The following is an excerpt from this week's Earnings Trends article. To access the full article, please click here .
Looking Ahead to Q3 Earnings Season
We are still a few weeks away from the end of the September quarter, but the Q3 earnings season will have gotten underway by then. The reason for that is that we and other researchers count companies with fiscal quarters ending in August as part of our Q3 tally.
Using this definition, Darden Restaurants ( DRI ) will be the first to come out with Q3 results later this week followed by 8 S&P 500 members next week, including such industry leaders as Oracle ( ORCL ), FedEx ( FDX ) and Nike ( NKE ). In fact, by October 1st, we will have seen Q3 results from almost 20 S&P 500 members. In all fairness however, the reporting cycle wouldn't get heated up till mid-October. The chart below shows weekly reporting calendar for the S&P 500 companies.
Estimates for Q3 have come down as the quarter has unfolded, with current expectations of +3.1% total earnings growth in the quarter down from +5.6% growth expected in early July. Estimates for most sectors came down, though Medical, Basic Materials, Aerospace, and Transportation experienced modest positive revisions during the quarter. The negative revisions trend for Q3 has been in keeping with what we have been witnessing for quite some time, though the pace and magnitude of negative revisions for Q3 compares favorably with what we have been used to in the recent past.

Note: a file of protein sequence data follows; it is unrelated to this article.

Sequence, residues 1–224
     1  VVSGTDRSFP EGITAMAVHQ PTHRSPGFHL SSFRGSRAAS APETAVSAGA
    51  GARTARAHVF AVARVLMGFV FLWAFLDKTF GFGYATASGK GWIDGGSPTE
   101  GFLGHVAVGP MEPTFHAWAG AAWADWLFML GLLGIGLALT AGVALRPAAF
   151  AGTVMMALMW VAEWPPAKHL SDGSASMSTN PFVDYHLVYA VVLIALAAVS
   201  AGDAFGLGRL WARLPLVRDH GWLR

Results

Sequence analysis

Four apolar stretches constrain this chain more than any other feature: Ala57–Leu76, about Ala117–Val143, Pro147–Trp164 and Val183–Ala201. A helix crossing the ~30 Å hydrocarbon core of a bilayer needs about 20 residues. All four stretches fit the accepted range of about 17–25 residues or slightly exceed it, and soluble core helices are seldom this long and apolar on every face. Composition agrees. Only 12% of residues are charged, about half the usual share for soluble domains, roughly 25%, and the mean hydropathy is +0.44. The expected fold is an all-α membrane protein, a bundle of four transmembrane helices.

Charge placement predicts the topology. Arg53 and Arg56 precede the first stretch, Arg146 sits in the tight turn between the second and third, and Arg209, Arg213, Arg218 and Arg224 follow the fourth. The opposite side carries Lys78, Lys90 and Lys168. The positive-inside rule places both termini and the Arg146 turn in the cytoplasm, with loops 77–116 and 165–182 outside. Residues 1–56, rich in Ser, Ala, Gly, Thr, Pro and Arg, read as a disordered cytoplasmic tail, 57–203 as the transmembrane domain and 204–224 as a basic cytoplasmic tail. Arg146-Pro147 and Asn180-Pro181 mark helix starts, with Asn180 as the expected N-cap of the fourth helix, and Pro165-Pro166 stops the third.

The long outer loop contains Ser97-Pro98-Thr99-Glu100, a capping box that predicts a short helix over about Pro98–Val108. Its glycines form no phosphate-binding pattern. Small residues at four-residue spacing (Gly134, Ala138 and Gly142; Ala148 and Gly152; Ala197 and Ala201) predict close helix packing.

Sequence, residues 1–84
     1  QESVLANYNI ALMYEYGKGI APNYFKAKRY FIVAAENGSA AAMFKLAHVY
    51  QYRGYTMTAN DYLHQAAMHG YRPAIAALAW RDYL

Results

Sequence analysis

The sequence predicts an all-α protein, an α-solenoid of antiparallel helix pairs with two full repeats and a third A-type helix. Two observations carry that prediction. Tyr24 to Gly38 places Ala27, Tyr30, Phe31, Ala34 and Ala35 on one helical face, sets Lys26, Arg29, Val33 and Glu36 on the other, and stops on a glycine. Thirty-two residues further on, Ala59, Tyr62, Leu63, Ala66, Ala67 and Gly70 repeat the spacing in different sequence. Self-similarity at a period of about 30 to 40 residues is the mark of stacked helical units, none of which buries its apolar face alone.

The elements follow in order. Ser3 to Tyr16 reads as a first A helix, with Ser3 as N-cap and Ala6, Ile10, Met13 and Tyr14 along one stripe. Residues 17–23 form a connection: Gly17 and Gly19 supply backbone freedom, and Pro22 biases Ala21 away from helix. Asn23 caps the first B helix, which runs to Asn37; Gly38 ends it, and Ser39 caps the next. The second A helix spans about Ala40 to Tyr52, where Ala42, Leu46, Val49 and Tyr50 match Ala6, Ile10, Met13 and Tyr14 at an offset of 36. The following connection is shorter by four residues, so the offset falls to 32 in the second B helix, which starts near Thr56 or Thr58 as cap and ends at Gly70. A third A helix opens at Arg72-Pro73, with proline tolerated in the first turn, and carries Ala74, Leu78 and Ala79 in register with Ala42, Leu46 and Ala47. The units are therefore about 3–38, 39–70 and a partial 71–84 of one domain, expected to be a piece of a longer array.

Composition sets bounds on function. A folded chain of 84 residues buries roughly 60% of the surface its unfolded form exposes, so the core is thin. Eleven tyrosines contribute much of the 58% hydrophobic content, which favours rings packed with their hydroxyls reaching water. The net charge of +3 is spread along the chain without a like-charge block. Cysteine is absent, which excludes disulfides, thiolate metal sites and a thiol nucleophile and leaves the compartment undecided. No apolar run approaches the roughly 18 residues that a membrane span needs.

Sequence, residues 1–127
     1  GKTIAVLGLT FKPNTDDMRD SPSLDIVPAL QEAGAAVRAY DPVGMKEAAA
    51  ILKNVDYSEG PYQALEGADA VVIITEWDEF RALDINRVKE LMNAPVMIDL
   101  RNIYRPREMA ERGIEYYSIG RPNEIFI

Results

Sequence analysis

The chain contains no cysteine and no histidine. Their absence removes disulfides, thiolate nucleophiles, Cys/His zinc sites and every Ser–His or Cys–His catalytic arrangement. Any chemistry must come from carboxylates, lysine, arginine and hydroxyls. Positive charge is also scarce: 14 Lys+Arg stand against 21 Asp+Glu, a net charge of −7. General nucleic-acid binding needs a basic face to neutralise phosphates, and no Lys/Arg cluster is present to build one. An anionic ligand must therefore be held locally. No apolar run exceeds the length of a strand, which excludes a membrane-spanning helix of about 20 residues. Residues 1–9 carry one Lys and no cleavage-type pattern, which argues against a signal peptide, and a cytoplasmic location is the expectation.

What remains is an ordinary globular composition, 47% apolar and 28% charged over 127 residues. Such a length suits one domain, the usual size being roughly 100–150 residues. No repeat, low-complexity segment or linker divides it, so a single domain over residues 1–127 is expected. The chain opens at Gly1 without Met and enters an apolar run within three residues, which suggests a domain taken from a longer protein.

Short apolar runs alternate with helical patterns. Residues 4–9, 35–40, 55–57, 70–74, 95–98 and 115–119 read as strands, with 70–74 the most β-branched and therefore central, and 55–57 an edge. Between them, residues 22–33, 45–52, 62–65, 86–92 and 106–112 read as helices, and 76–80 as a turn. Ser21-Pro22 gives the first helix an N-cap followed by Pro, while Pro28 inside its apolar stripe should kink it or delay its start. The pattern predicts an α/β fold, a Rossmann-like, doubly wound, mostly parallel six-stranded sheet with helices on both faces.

The chart below compares the revisions trend for 2014 Q3 with what we witnessed in the year-earlier period.
Final Q2 Scorecard
We will officially close the books on the Q2 earnings season following Kroger's ( KR ) tomorrow morning. But for all practical purposes, the reporting cycle is over now. This was a strong earnings season after a long time, with total earnings up +8.1% from the same period last year on +4.4% higher revenues and with 62.5% beating EPS estimates and 58.3% coming out with positive revenue surprises.
We have two sets of charts below - one compares the Q2 earnings and revenue growth rates with what these same companies reported in 2014 Q1 and the 4-quarter average and the second chart compares the beat ratios for these companies.
The aggregate growth picture is actually even better once the Finance sector's anemic growth numbers are excluded. Excluding Finance, total earnings are up +10.1% from the same period last year on +4.7% higher revenues.
And More Positive Revenue Surprises
The Q2 earnings performance was a notable departure from what we have been seeing in other recent reporting cycles. But was it a one-off bounce from the anemic Q1 level or the start of something more enduring? We don't know yet, though the coming Q3 earnings season will give us a good sense of how to answer that question.
To see the full Earnings Trends report, please click here .
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